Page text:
06 April, 2019

#BookReview :: Fate's Design by Subhashish Dey



When a kidnapper redeems his lost conscience and finds himself unable to murder the girl he has kidnapped, what does he do? Fate is cruel to him, and good intentions are never enough. At the same time, a woman dissatisfied with her existence flees from her home, not knowing what lies ahead of her. But all things come at a price, and she has a hard path ahead through storms and fire. Watch how fate has entwined these lives together, into a song through struggles of conscience and identity, through the deepest lows and greatest highs, and through the flame of madness and the stings of survival.



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Natalia grows up without knowing the truth about her own life. She receives a letter after the death of the man she had known as her father and it changes her life. The story of her life includes kidnapping, a marriage breaking up and a criminal growing a conscience. But wait, there is also a brother involved in the story and a stranger looking to unite a family. 

I have been putting off reviewing this book is because I kept wondering how to review a book by a fourteen year old boy. On one hand, I feel that he deserves a chance to explore his talent without having to bother about critics. And on the other hand, I also believe that a proper feedback could genuinely help him grow.

If I overlook the author’s age, this is an average book. The first half of the book was engaging in terms of both character development and plot. I found myself lost in the world that Subhashish Dey has created. Each of the characters was interesting in their own right. Anatasaii had these shades in his character that I thought made him very real and human. I kind of found him to be the most appealing character of all irrespective of the fact that there was an air of mystery around the character of Anterope. The second half of the book seemed to lag a bit in terms of pace and it was very predictable. Subhashish’s language is much more matured than I expected it to be though there were moments when his real age showed through the dialogue delivery. The narrative style executed suited the plot and it was probably the best aspect of the book.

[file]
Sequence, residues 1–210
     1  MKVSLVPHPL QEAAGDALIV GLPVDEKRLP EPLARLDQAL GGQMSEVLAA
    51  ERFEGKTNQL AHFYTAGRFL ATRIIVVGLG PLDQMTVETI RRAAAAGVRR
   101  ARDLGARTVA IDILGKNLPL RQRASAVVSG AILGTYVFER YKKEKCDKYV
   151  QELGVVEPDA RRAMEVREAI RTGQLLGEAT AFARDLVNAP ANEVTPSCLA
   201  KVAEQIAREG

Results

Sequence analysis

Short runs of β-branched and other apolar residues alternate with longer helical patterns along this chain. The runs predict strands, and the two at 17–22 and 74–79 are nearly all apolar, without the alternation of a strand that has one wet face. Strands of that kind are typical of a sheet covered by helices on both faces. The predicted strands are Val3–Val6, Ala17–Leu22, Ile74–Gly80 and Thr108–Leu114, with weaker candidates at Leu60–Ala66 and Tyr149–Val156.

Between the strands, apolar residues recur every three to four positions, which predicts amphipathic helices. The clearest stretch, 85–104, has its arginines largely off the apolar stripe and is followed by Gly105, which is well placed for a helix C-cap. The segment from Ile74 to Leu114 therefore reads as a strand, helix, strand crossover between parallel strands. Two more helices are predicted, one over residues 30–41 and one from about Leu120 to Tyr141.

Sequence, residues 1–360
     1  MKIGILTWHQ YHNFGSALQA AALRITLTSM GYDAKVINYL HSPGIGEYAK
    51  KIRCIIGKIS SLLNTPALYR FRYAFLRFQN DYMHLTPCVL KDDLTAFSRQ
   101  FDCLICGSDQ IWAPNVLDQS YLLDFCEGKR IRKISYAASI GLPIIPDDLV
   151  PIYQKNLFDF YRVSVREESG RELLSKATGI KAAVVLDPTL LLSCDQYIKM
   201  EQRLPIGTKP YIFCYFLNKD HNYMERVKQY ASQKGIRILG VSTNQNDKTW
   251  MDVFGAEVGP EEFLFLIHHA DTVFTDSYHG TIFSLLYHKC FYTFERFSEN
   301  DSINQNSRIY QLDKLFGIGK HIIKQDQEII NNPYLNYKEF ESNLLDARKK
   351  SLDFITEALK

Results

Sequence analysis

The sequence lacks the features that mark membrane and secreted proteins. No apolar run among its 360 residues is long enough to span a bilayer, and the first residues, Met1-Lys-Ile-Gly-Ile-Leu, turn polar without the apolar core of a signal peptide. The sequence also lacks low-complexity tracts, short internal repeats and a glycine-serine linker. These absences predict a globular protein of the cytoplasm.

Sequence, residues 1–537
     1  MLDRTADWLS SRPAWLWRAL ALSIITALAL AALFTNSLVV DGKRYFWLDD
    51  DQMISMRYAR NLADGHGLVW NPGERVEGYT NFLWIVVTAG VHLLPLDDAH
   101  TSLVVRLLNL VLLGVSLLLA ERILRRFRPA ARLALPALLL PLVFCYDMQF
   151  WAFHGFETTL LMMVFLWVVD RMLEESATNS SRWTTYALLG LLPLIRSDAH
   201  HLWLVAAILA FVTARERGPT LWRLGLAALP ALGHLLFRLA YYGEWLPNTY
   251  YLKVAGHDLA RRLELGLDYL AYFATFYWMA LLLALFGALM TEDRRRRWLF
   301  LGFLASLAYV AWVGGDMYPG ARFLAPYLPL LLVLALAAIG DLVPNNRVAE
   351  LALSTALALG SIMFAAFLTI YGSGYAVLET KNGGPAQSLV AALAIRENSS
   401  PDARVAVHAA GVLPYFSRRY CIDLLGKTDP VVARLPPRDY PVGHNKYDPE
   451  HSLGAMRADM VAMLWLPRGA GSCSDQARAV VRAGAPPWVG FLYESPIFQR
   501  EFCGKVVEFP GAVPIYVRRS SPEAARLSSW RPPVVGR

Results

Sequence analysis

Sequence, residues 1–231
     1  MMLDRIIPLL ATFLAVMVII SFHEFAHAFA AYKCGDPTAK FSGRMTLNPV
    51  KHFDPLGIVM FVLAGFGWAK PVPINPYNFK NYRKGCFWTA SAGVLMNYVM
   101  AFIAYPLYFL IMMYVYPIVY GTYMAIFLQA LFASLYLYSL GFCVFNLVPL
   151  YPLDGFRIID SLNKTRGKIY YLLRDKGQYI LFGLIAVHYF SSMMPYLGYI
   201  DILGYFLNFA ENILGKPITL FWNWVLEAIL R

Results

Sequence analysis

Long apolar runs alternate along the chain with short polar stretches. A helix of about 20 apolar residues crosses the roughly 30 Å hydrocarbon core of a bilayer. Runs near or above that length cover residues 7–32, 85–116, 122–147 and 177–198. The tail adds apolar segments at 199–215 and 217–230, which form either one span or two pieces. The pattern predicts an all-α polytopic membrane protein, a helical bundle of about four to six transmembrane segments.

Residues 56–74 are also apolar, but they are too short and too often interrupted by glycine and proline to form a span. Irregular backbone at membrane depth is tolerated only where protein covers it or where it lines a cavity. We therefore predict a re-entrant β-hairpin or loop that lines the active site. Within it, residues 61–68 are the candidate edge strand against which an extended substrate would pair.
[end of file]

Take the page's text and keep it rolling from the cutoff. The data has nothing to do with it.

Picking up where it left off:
Truth be told, if this was a work of an adult, I would be rating it a two stars. But considering the age of the author, I am giving it a three star based on the fact that the plot conceived had great potential and the narrative was good. Execution of the plot and the language needs to be worked on and I hope that Subhashish will improve with age, education and experience.


Review Copy received from Author's Channel



This post is a part of A to Z Challenge and BlogchatterA2Z



2 comments:

  1. It's joyful to know that there are writers who are that young and want to share their stories with the world. The introduction itself was interesting, so the book might be too. I hope he takes your feedback positively, grows and writes a novel that is 4 stars without age considerations also! :)

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